REVIEW: A Feather on the Breath of God by Sigrid Nunez

In brief: The story of a girl growing up in post-war New York as a child of a German mother and Chinese father.

The good: Beautifully written.

The not-so-good: My copy was printed very faintly, making the text hard to see at times.

Why I chose it: Heard a lot of great things about Sigrid Nunez.

Year: 1995

Pages: 180

Publisher: Virago (Hachette)

Setting: New York

Rating: 9 out of 10

I’ve seen many glowing reviews over the last few years for Sigrid Nunez’ writing, but I’ve never gotten around to reading her work. I wanted to try one of her novels that wasn’t The Friend (I’m not a dog person), so I picked up A Feather on the Breath of God which is about immigrant parents and growing up different. It’s a fantastically written story and I look forward to reading more of her work.

The first-person narrator of the story is never named, but it’s the story of her parents, growing up overseas and coming to America, which doesn’t turn out to be the dream life that they expected. The first part is the story of her father, who is Chinese but was born in Panama. The narrator is astonished when she hears her father speak in Chinese as it’s not something she’s ever contemplated. She and her sisters want to know more about what is Chinese, but her father brushes them off. Yet in their eyes, he is definitely different to other fathers, working long hours and speaking broken English. The second part moves on to their mother, who is from Germany and proud of it. She’s not happy with life in the housing projects (or her life in general) and sometimes takes it out on her children (or her husband). In comparison to the girls’ father, she is strong and outspoken while he is meek and quiet. The third part is about the narrator’s relatively short-lived time learning ballet. Although she is not a good dancer, in ballet she finds discipline and also freedom from her family as well as her first taste of independence. The last part is about the narrator as an adult, falling in love with one of her Russian students she teaches English to. To others, Vadim appears as a bad man, best avoided. To her, he represents something familiar, like her parents but he is accessible in ways that her parents never were.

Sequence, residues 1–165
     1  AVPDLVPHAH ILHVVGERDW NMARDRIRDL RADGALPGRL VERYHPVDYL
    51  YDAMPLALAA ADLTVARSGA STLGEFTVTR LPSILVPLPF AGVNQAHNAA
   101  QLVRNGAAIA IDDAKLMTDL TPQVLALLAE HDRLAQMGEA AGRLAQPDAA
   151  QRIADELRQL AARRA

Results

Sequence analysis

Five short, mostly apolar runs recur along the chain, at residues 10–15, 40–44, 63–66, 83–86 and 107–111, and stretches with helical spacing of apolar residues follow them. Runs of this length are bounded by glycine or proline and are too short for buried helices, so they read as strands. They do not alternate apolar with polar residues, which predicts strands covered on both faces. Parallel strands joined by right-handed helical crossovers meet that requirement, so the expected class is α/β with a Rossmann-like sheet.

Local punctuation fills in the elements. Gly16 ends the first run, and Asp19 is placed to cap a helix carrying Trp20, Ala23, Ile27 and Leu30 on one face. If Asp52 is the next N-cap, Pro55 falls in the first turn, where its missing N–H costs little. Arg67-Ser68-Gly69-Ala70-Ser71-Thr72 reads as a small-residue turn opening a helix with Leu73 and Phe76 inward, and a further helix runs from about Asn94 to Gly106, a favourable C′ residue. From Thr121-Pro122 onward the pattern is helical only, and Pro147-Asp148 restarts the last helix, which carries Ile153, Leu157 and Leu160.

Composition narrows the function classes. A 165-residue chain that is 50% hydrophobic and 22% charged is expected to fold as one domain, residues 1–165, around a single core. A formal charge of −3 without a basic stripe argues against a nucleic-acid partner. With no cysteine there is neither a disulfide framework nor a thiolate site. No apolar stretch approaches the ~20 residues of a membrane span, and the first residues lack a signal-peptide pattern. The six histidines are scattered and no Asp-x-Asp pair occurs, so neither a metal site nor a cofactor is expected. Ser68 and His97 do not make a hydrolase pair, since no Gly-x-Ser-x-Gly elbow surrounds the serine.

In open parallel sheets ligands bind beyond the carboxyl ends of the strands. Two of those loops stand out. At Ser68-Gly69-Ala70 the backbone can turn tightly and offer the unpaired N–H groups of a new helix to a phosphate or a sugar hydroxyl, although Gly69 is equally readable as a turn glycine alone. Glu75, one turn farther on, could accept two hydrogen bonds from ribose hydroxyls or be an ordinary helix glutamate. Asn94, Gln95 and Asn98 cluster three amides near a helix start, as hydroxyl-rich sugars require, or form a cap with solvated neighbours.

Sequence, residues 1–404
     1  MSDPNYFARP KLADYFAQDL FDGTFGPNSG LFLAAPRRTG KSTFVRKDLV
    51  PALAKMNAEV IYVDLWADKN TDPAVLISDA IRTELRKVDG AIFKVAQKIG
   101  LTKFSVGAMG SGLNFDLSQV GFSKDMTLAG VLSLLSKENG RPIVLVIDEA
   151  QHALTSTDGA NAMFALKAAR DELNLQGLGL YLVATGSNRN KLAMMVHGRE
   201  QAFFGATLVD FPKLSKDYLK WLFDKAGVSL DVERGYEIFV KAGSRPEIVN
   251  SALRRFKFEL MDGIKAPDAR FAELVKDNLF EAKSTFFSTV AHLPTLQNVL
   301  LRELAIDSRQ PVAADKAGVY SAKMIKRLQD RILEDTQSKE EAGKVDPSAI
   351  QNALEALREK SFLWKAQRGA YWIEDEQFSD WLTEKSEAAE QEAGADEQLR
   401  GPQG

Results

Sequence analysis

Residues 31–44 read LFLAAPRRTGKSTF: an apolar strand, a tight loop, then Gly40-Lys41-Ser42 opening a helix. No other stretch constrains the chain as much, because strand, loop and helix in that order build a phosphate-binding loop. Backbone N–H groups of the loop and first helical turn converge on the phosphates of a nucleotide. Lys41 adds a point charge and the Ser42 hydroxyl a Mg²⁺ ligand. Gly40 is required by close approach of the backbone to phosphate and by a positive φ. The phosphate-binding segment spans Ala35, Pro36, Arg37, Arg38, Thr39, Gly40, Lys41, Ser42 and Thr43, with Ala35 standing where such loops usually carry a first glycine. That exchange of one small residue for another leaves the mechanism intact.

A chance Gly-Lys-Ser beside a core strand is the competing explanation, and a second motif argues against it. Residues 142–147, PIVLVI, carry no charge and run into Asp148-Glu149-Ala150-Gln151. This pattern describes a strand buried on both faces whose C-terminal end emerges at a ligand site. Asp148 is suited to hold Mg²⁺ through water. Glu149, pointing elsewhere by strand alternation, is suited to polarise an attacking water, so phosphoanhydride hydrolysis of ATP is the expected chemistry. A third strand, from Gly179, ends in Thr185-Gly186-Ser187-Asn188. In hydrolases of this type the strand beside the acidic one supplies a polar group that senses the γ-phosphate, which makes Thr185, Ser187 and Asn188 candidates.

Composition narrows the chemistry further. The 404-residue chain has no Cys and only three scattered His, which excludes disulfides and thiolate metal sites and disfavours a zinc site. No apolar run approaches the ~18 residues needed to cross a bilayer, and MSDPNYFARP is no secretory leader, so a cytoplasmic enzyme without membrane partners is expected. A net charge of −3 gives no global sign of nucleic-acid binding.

Nunez writes beautifully. Although this isn’t a long novel, it’s elegantly crafted with each sentence carefully worded. As a reader, I wanted to savour every word and work out its place in the overall picture. It’s wistful at times, reminiscing on childhood and bitter in others as the narrator reflects on missed opportunities with her parents and others. At times, it brings make the warmth of childhood memories and in her relationship with Vadim, brings about feelings of teenage rebellion. It’s also a story of not knowing where to fit in – she doesn’t fit in with the Chinese kids at school, nor the rich. (Even Vadim, who arguably knows her best, doesn’t believe she is part Chinese at first.) It’s a story too of childhood colouring future choices, such as the narrator’s choice not to marry after her parents’ volatile marriage. It’s hard to believe this was Nunez’s debut work, but I’m grateful that I have much more of her work to enjoy.

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